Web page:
2009: 2.0
2010: 1.5

Note: Data based on government spending with explicit urban regeneration objectives (excludes transport, housing and industrial policies unless part of a regeneration programme.)

Data includes:

Urban Programme, Urban Development Corporations (including Docklands Light Railway and Jubilee Line Extension), Enterprise Zones, Urban Development Grant, Urban regeneration Grant, Derelict Land Grant, City Grant, Estate Action, Inner City Task Force, City Action Teams, English Partnerships, Housing Action Trusts, City Challenge, Coalfields Areas Fund, Objective 1 and URBAN II European Funding, Single Regeneration Budget Challenge Fund, Manchester Olympic/Commonwealth Bids, Coalfields Regeneration Trust, Coalfields Enterprise Fund, Regional Development Agencies, New Deal for Communities, Neighbourhood Support Fund, Neighbourhood Renewal Fund, Housing Market Renewal Pathfinder, Sustainable Communities Plan (without housing costs), Local Environment/Liveability Fund, Community Empowerment Fund, Thames Gateway, London 2012 Olympics.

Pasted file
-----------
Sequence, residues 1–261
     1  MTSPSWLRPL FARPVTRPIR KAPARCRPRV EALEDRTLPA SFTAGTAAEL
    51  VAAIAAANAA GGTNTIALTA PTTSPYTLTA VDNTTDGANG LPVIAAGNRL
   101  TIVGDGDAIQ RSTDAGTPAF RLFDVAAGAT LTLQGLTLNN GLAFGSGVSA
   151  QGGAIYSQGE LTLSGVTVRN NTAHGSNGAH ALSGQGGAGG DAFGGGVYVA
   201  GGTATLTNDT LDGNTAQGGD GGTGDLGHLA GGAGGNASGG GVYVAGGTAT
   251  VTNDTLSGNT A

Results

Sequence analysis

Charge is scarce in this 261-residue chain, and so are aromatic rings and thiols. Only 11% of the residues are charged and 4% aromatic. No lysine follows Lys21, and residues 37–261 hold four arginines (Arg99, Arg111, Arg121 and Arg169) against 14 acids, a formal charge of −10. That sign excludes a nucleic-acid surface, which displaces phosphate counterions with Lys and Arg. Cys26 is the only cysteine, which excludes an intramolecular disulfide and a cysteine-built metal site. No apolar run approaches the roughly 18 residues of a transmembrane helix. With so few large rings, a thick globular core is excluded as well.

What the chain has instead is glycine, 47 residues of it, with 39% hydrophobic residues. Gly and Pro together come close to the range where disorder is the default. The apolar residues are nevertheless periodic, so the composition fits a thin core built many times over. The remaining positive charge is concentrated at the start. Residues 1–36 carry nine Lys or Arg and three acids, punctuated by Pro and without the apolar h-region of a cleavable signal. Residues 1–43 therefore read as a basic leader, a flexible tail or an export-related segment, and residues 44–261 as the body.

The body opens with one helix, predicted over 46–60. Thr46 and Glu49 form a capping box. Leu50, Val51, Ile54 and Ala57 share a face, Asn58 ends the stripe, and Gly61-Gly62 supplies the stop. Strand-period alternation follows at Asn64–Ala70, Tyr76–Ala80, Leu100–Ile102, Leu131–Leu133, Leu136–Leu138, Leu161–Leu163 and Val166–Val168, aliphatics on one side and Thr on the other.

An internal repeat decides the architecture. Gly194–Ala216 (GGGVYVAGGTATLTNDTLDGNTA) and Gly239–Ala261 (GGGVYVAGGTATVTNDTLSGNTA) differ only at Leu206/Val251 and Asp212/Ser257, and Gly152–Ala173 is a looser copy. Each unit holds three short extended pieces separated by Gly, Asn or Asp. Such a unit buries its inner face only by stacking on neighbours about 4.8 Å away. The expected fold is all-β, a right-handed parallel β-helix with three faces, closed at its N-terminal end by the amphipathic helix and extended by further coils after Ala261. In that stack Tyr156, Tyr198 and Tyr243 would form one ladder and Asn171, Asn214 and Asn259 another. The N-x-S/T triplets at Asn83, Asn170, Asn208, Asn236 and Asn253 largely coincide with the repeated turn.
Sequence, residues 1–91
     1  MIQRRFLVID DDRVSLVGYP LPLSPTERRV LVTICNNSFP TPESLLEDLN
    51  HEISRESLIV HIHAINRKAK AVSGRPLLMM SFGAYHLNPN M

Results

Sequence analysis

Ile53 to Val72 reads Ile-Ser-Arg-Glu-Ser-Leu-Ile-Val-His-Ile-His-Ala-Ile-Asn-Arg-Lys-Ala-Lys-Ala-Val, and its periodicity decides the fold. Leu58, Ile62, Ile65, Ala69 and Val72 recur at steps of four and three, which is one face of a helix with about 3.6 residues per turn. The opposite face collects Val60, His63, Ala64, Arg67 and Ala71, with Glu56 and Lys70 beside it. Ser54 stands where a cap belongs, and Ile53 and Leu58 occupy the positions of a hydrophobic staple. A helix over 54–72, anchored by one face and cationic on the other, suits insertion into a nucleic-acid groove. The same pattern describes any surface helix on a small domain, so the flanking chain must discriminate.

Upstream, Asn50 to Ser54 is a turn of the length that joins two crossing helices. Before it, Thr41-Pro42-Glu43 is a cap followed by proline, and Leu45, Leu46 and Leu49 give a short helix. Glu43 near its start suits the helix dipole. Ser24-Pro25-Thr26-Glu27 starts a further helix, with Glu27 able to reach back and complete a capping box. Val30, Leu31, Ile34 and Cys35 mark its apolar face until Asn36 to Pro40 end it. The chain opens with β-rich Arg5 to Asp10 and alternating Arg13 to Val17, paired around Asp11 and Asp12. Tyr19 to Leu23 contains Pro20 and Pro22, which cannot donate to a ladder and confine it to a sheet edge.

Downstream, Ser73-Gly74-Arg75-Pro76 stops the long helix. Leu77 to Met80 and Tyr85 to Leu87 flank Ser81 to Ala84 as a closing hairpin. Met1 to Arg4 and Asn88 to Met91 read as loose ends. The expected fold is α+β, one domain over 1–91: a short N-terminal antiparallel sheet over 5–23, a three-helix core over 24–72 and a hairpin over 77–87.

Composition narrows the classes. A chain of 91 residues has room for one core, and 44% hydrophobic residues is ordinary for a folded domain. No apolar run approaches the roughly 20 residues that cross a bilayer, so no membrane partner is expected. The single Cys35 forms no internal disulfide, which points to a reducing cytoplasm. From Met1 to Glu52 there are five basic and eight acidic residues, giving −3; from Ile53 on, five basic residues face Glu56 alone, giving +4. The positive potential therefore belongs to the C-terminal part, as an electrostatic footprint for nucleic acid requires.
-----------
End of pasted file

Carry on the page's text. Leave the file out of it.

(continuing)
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Finance

In 2010, at the start of the Tory/LibDem coalition government’s tenure finances were in a parlous state. and something had to give. The government tried to save money by staging pay awards but the political fallout was costly in terms of the adverse publicity it attracted and any move to cut public sector pay, nurses, doctors, teachers, police was ruled out since this would be an electoral disaster for a government, which might not serve a full term. The decision was taken to cut urban regeneration funding, which being project based was a soft target and funding was only released for projects that had enjoyed the support of large swathes of voters.